Inovio Pharmaceuticals, Inc., an immunotherapy company, announced that its novel DNA-based monoclonal antibody technology will be deployed to develop products which could be used alone and in combination with other immunotherapies in the pursuit of new ways to treat and potentially cure infection from the HIV virus.
In a recently published article, Inovio demonstrated that a single administration in mice of a highly optimized dMAb DNA, which targets HIV, generated antibody molecules in the bloodstream that possessed desirable functional activity including high antigen-binding and HIV-neutralization capabilities against diverse strains of HIV viruses.
Funding for Inovio’s effort to treat and potentially cure HIV is part of a $23 million grant from the National Institutes of Health to The Wistar Institute, an Inovio collaborator. This grant brings together Inovio and more than 30 of the nation’s leading HIV investigators to work on finding a cure for the virus. The grant, called BEAT-HIV: Delaney Collaboratory to Cure HIV-1 Infection by Combination Immunotherapy, is one of six awarded by the NIH as part of the Martin Delaney Collaboratories for HIV Cure Research.
“A simple, safe and scalable cure for HIV would accelerate progress toward ending the HIV/AIDS pandemic,” said National Institute of Allergy and Infectious Disease (NIAID) Director Anthony S. Fauci, M.D. “Through the leadership of talented investigators with a diversity of expertise, the Martin Delaney Collaboratory programme will accelerate progress in this key research endeavor.”
Dr. J. Joseph Kim, Inovio’s president & CEO, said, “With 37 million people infected with HIV still awaiting a cure to HIV, we are pleased that our new HIV dMAb products are expanding our initiative alongside our breakthrough DNA vaccine products to potentially help these patients.”
Inovio has demonstrated experience in advancing HIV product candidates. Inovio completed initial clinical studies of its HIV immunotherapy PENNVAX-B, targeting clade B viruses, to achieve proof of principle in generating potent immune responses using its SynCon immunotherapy technology. In two published phase I studies, PENNVAX-B immunization generated high levels of activated, antigen-specific CD8+ killer T cells with proper functional characteristics. This ability uniquely positioned PENNVAX as an important vaccine candidate to prevent and treat HIV infections.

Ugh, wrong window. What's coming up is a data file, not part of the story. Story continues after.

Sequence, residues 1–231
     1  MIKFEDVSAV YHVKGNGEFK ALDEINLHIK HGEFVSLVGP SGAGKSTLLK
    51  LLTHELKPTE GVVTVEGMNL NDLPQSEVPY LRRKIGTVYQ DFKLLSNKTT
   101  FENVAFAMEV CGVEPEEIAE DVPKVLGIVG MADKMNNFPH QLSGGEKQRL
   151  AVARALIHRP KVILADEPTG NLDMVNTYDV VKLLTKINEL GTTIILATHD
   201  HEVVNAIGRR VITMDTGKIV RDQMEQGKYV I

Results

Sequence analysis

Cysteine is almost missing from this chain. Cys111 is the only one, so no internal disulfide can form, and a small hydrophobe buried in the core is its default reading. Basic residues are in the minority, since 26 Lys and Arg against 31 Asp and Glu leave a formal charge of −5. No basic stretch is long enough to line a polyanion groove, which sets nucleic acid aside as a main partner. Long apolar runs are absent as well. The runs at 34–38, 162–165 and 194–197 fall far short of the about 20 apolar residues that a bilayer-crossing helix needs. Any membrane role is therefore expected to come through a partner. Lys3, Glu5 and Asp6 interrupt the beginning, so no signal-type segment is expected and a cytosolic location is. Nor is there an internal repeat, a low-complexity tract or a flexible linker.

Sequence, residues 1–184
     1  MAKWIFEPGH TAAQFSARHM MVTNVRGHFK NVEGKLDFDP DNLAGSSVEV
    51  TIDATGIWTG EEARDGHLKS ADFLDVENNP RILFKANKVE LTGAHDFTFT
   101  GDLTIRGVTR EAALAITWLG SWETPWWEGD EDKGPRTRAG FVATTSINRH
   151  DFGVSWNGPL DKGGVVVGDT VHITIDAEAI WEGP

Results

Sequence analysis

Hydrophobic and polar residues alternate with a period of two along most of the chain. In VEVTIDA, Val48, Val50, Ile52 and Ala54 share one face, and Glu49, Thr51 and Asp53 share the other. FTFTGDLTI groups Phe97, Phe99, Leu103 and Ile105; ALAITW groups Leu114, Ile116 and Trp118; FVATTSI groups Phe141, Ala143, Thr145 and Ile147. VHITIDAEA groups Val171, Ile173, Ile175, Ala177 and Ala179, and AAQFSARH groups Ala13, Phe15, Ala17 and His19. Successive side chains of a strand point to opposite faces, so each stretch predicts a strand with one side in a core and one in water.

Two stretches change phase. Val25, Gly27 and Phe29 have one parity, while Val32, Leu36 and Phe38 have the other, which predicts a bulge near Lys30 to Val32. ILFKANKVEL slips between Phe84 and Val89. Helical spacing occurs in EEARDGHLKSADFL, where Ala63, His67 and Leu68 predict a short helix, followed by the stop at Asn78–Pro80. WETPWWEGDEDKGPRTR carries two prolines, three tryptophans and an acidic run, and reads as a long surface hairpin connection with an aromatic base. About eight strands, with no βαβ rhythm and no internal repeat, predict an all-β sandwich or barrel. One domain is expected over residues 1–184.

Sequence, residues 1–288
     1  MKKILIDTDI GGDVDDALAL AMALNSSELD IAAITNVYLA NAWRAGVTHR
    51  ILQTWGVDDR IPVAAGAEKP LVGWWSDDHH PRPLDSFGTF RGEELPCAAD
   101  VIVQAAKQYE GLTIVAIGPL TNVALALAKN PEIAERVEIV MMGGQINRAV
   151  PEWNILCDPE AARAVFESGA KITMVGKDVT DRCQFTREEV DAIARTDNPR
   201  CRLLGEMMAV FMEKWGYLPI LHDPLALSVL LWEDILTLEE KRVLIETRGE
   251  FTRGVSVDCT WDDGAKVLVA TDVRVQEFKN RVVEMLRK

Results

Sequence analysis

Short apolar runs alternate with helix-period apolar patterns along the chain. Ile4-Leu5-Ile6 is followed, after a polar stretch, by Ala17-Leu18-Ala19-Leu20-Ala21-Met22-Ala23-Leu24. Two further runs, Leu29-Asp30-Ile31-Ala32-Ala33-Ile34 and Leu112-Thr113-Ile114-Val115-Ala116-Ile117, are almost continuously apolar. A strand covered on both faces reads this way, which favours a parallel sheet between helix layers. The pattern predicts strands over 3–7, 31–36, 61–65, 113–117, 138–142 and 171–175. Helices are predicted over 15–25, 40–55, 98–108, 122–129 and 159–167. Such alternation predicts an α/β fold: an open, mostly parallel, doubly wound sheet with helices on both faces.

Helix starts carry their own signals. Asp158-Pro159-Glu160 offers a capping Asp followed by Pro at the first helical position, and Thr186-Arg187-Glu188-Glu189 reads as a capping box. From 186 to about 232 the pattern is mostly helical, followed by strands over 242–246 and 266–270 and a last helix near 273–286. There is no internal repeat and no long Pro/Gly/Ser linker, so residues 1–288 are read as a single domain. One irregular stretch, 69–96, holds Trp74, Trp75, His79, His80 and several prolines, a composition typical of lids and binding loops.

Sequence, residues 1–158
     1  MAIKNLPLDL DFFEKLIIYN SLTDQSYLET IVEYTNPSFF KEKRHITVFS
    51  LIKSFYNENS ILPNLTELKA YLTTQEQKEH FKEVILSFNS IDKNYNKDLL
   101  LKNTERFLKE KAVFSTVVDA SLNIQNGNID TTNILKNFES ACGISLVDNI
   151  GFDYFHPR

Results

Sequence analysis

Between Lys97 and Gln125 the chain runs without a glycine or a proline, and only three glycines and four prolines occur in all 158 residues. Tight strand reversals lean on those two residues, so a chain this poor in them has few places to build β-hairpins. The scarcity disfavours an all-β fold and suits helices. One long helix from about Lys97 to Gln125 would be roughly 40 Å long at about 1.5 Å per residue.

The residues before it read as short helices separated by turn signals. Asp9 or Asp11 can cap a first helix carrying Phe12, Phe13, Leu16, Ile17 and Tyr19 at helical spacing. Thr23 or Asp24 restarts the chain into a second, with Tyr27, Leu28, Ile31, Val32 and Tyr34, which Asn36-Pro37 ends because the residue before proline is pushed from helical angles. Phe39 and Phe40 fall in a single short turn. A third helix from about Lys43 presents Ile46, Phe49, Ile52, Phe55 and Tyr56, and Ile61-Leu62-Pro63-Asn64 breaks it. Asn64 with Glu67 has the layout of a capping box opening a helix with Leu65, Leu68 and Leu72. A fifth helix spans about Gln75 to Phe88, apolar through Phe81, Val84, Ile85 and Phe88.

Using a $25 million grant from the NIAID, Inovio designed its universal, multi-antigen PENNVAX-GP vaccine targeting the env, gag and pol antigens to provide global coverage against all major HIV-1 clades. PENNVAX-GP is Inovio’s lead preventive and therapeutic immunotherapy for HIV and is being evaluated in a phase I clinical study (HVTN-098) involving 94 healthy subjects as a preventive vaccine.
Monoclonal antibodies (mAb) were a transformational scientific innovation designed to enhance the immune system’s ability to regulate cell functions. They are designed to bind to a very specific epitope (area) of an antigen or cell surface target and can bind to almost any selected target.
The paradigm shift of Inovio’s technology is that the DNA for a monoclonal antibody is encoded in a DNA plasmid, delivered directly into cells of the body using electroporation, and the mAbs are “manufactured” by these cells. Using this newly patented approach, Inovio published that a single administration of a highly optimized DNA-based monoclonal antibody targeting HIV virus in mice generated antibody molecules in the bloodstream possessing desirable functional activity including high antigen-binding and HIV-neutralization capabilities against diverse strains of HIV viruses. The potential of this technology was further demonstrated in two additional published studies where dMAb products for Chikungunya and dengue viruses were able to completely protect the treated mice from lethal exposure to these viruses.
All of these feats were not previously achievable with other DNA-based or viral delivery technologies. Inovio’s transformational approach could be applied to develop active monoclonal antibody products against multiple therapeutically important diseases including cancers as well as inflammatory and infectious diseases. Combined with favorable pharmacokinetic characteristics and cost structure compared to conventional monoclonal antibody technology, Inovio’s active in-body generation of functional monoclonal antibodies in humans has the potential to significantly expand the range of targetable diseases.
Monoclonal antibodies as a product class have become one of the most valuable therapeutic technologies of recent years. In 2012, global sales value of monoclonal antibodies exceeded $50 billion. Among the top 10 best-selling drugs in 2012, six of them were monoclonal antibodies, each with annual sales exceeding $5 billion.